Heart disease is still a major killer, especially in the western world, but new therapies based on stem cells and other techniques could now be imminent. Progress is being held back however by the difficulty testing new therapies on human heart tissue, with animal models being only of limited value owing to differences in structure and activity. The only solution in the absence of real human models is to create computerised "in-silico" models that simulate the real heart and enable possible drugs and therapies to be tested without risk to people. Although this is still some way off becoming a reality, substantial progress has been made, and the next steps were plotted at a major workshop held recently by the European Science Foundation.
The workshop highlighted how recent progress in imaging technologies was helping heart modellers overcome the big dilemma they have faced up till now -- actually proving that the models really are an accurate representation of the real human heart. This has been the big "catch 22" of heart modelling, that in order to create a realistic model, you need accurate and extensive data from real hearts for calibration. "Validation of the models is very important, and was raised at the workshop," said Blanca Rodriguez, scientific coordinator of the ESF workshop, and senior cardiac researcher at Oxford University, Europe's leading centre for cardiac modelling. "One of the problems has been that it is much easier to get experimental data from animals than humans."
Such animal data can help calibrate some aspects of the models, but only data from human hearts can fine tune them to the point at which they can actually make useful predictions and test therapies. Fortunately such data is now becoming available as a result of dramatic progress in imaging techniques that can observe cardiac activity externally without need for invasive probes. "We are now getting data at very high resolutions, and that allows us to model things in more detail, with greatly improved anatomy and structure," said Rodriguez. This in turn requires access to greater computational power and more sophisticated software, both of which are available at Oxford.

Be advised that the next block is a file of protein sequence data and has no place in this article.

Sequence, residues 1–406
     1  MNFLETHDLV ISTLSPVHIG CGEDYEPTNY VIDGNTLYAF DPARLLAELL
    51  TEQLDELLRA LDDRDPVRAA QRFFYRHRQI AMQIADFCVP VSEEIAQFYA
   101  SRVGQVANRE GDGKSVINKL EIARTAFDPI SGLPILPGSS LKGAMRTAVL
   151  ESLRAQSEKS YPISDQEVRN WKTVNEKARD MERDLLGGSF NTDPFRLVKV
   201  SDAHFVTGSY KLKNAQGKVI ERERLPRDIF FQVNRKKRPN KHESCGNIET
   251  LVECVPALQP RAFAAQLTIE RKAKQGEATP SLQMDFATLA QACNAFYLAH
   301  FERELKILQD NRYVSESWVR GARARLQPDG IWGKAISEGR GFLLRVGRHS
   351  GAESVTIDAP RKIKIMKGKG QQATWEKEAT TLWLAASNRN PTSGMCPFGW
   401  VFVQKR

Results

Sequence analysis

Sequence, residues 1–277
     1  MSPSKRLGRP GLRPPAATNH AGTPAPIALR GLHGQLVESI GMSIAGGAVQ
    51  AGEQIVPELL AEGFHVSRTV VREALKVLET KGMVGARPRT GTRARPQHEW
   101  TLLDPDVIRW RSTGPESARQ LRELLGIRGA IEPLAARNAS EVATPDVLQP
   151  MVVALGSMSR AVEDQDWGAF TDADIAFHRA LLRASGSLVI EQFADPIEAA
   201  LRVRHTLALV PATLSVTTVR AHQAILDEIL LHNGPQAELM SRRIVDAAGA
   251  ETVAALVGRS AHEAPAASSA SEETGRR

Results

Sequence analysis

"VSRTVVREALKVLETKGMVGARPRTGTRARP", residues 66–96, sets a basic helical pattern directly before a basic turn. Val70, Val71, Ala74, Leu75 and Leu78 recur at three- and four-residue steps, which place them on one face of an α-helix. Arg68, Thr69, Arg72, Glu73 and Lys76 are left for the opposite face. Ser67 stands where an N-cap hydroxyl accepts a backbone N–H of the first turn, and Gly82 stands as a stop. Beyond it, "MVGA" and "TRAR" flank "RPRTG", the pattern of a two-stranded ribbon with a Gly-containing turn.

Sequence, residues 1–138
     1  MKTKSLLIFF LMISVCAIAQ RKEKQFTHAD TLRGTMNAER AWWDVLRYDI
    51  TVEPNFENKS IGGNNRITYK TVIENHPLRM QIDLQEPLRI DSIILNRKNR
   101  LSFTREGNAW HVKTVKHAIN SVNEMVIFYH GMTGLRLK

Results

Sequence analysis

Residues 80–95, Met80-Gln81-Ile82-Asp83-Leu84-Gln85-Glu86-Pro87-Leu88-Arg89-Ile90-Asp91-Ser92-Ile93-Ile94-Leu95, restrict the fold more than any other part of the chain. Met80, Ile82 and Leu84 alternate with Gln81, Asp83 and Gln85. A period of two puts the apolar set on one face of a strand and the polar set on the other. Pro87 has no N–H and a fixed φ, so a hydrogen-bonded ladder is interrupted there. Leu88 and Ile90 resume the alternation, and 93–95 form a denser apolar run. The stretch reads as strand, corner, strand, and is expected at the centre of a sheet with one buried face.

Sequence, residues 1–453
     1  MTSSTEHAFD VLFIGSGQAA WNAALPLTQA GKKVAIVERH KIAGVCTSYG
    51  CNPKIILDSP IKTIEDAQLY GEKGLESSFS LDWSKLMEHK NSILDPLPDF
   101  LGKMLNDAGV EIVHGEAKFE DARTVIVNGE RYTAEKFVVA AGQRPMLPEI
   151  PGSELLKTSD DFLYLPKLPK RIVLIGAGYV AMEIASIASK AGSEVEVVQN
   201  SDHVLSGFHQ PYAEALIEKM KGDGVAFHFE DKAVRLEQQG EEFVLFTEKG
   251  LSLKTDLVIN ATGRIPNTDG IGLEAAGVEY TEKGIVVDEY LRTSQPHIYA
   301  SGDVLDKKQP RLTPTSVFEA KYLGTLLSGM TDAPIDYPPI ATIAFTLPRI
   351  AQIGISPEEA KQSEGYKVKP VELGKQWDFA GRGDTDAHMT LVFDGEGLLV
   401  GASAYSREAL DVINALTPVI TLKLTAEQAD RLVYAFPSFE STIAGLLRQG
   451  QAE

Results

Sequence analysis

The models in turn are allowing researchers to study disease and understand what can go wrong, which is the first step towards developing cures. One of the most important diseases being modelled is myocardial ischaemia, which is the loss of blood supply to part of the heart muscle, leading ultimately to failure and potentially death if untreated.
Typically victims of heart failure never fully recover their former health and vigour, because part of the heart muscle has been permanently lost. However stem cell therapy holds the promise of being able to regenerate heart muscle destroyed by disease, but this will require careful testing to eliminate possibly dangerous side effects, such as cancer and disruption of normal heart rhythms, leading to arrhythmia, or irregular heart beats. Here again the heart models could play a vital role. "They could be used to model stem cells' behaviour, and see how they are incorporated into the heart," said Rodriguez.
The ESF workshop also had another dimension -- to kick start a Europe-wide effort to catch up with the US in this vital field. Oxford was once the world leader, for remarkably the first cardiac model was developed almost half a century ago in 1961 by Dennis Noble, who although now officially retired is still assisting Rodriguez and colleagues today. Noble's original model was of just of a single heart cell. But since the late 1990s, the models have been extended to the whole organ, incorporating multiple cell types.
The workshop identified three key issues that had to be addressed, according to Rodriguez. The first one was to improve the links within Europe's scattered heart modelling community. The second two recommendations, less specific to Europe, were to create a standard and robust software infrastructure for sharing heart models and associated data, and to define exactly how to calibrate the models more effectively from experimental data.
The next step is to act on these recommendations, but Rodriguez is now confident that Europe is well placed to regain its early momentum in this vital field of medical research.
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